You heard it hear first. For those of you who just joined us, Mono Touch is a simple clone of the Ableton Live template from Lemur, though without the Lemur’s multi-touch capability, hardware, physics, customizability, and essentially everything other than the look of the interface. My criticism of this effort — which gave no credit to the Lemur and charged money for the results — divided readers here on CDM. But evidently feedback from me and others got the attention of the creator, because he’s now removing the price tag and making the software free.
You can read DJ Grobe’s comments on the original story. Basically, he says he didn’t originally intend to make money off of it and has removed the price. He then goes on to make a very strange argument, that his interface is closer to Tetris than Lemur. That’s just silly; as others have pointed out the button-for-button layout of the Lemur template, down to the color of individual buttons, was translated into his design. You can see for yourself, side by side. But I am happy that he’s making this free.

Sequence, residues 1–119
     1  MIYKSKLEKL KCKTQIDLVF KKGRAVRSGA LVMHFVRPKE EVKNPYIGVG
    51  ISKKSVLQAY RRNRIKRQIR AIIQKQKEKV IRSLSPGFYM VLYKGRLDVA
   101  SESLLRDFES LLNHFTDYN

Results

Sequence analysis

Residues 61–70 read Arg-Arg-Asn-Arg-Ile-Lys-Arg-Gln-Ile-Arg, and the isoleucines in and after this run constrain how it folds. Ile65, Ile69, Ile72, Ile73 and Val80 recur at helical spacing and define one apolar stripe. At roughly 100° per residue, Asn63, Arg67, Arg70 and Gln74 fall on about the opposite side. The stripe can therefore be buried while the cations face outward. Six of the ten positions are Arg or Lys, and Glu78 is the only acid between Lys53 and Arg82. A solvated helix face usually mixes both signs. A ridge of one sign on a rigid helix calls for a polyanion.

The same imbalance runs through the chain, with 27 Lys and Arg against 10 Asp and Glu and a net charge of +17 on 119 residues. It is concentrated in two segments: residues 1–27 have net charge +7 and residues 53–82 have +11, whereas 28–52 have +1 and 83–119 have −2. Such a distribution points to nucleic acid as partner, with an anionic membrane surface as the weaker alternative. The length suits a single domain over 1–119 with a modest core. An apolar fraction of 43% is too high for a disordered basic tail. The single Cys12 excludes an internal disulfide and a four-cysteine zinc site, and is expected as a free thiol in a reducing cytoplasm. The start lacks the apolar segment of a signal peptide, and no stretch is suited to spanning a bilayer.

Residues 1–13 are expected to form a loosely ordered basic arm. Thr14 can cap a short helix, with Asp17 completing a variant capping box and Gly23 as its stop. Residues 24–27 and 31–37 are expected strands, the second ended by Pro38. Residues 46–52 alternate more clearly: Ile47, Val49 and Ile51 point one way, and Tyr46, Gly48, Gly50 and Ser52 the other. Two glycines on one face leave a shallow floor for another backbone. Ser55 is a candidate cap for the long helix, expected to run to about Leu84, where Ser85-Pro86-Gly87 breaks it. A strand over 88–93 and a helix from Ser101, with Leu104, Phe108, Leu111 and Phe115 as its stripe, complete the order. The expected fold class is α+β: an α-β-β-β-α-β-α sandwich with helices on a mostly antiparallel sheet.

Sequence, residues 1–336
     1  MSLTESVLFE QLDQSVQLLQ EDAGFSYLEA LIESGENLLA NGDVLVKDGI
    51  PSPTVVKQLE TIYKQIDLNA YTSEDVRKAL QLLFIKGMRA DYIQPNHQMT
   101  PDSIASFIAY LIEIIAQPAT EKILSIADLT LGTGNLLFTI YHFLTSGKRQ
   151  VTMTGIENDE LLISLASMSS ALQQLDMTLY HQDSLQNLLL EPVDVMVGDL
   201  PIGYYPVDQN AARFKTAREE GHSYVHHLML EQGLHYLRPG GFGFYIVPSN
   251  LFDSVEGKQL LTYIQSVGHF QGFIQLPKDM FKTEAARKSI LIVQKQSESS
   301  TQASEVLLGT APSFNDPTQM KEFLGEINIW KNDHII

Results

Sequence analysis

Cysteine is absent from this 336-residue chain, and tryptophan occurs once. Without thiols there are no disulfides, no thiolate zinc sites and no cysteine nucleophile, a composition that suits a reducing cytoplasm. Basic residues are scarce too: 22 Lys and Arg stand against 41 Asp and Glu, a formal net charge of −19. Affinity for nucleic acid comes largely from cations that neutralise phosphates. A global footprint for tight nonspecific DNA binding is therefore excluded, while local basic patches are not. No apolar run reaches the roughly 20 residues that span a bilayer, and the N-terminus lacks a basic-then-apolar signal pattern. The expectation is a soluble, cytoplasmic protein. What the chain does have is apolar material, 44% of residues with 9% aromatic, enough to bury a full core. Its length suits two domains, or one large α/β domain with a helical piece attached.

Some readers responded negatively to my criticisms, I think because in some cases, intellectual property arguments have been applied unfairly, and that stops forward progress on ideas. But leave the legal arguments aside for a moment. If you pass off someone else’s work as your own, the word is plagiarism. It’s actually pretty cool that someone would create their own clone of something they can’t afford, but the intent changes when you sell the results online. That’s why I’m pleased to see that the creator is doing the right thing and removing the fee. I don’t agree that this looks like Tetris, though. That would actually be cool — a Tetris / Ableton Live mash-up. (Or, more likely, Breakout + Live.) But that’s the thing about copies: they only become original if there’s some unique twist.
I think we can all agree that the best step next would be for people to try their own designs, to do something different. I’m not all that crazy about the Lemur’s Live template; I hope someone does better. (And in this case, so do the makers of the Lemur, as the whole point of the interface was encouraging custom layouts.)
We’ve covered lots of DIY control surfaces here on CDM, and what’s exciting to me about them is that they’re all different — different from commercial products, and different from each other. Hardware and software alike are spawning new variety. So, I’ll be rooting for that side.